Imagine inheriting a large asset from a loved one and upon sale, learning that you have a major tax liability on your hands. Until now, it was normal for large legacy property and other assets to be passed down for generations with little tax consequences, but there have been some rumors that this could be changing as we know it.
One of the biggest reasons people leave assets to their loved ones to inherit isn’t just because they want to hold onto the property during their whole lifetime. In fact, a lot of people want to gift to their children much earlier on, however there is a key tax benefit to waiting that is too enticing to pass up – Stepped Up Cost Basis.
Cost Basis is the original value of an asset. In other words, what it was bought for. Let’s look at a house as an example – your parents may have purchased their home a long time ago for $200,000. This makes their cost basis - $200,000.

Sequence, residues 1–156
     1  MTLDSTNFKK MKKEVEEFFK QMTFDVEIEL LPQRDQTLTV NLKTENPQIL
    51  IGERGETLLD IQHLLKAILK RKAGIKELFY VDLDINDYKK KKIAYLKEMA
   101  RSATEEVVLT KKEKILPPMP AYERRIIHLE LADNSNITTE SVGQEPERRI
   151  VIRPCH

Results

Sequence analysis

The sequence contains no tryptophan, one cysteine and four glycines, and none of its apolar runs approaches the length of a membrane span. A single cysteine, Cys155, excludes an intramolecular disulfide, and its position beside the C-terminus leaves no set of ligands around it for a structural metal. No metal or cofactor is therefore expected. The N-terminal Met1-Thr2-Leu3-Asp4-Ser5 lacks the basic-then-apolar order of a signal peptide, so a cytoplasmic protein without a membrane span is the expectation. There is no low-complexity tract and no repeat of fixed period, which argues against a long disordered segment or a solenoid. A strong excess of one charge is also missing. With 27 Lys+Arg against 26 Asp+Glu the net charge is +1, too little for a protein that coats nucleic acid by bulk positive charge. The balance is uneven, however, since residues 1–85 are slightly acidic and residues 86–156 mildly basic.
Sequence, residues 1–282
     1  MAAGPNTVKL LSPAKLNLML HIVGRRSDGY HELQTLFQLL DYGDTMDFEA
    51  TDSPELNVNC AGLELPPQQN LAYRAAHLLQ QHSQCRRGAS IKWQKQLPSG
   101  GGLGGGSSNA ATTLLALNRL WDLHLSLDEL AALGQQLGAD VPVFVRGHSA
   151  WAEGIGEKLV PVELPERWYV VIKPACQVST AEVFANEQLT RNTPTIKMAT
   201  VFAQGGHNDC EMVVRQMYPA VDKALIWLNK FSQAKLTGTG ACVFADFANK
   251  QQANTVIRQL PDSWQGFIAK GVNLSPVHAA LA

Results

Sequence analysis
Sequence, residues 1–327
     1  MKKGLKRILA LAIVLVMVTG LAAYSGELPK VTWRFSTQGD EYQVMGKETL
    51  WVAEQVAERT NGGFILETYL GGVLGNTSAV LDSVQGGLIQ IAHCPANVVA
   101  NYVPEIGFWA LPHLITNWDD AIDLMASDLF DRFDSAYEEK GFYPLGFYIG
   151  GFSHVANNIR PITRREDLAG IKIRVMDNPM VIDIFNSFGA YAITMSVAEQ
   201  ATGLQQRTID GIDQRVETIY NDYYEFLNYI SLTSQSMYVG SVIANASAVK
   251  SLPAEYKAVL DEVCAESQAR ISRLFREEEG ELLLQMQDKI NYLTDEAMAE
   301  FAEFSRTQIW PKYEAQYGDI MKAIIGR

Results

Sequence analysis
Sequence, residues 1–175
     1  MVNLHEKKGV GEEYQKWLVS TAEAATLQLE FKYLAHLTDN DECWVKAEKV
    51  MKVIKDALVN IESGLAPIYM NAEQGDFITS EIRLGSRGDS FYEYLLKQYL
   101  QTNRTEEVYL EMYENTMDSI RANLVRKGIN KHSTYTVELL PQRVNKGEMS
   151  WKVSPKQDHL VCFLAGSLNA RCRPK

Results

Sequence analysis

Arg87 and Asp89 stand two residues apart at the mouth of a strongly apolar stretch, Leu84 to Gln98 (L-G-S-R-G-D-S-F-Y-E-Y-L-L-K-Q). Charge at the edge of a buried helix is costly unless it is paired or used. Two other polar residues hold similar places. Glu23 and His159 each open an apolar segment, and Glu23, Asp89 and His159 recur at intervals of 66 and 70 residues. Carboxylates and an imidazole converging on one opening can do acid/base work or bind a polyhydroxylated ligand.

Now imagine that they’ve lived in their home for many, many years and its market value has grown to $1M. As it stands today, if you were to inherit this after your parents have passed, the house receives a “step up” in basis, meaning the new cost basis is now $1M. When you go to sell the home there is no capital gains tax on that growth.
So why does this matter?
There are some new tax law proposals that suggest eliminating this benefit. While proposals like these are merely that, just ideas at this point, it is important to start working with your advisors to ensure you have a plan.
Should this benefit be eliminated, families will need to discuss other options, such as gifting much sooner, so they don’t trigger a major tax liability later on and thus may need to amend their estate planning documents.
If you think this may have an impact on you family, make a plan with your advisor ahead of time to avoid scrambling and extra stress.
The opinions voiced in this material are for general information only and are not intended to provide specific advice or recommendations for any individual.
This information is not intended to be a substitute for specific individualized tax advice. We suggest that you discuss your specific tax issues with a qualified tax advisor.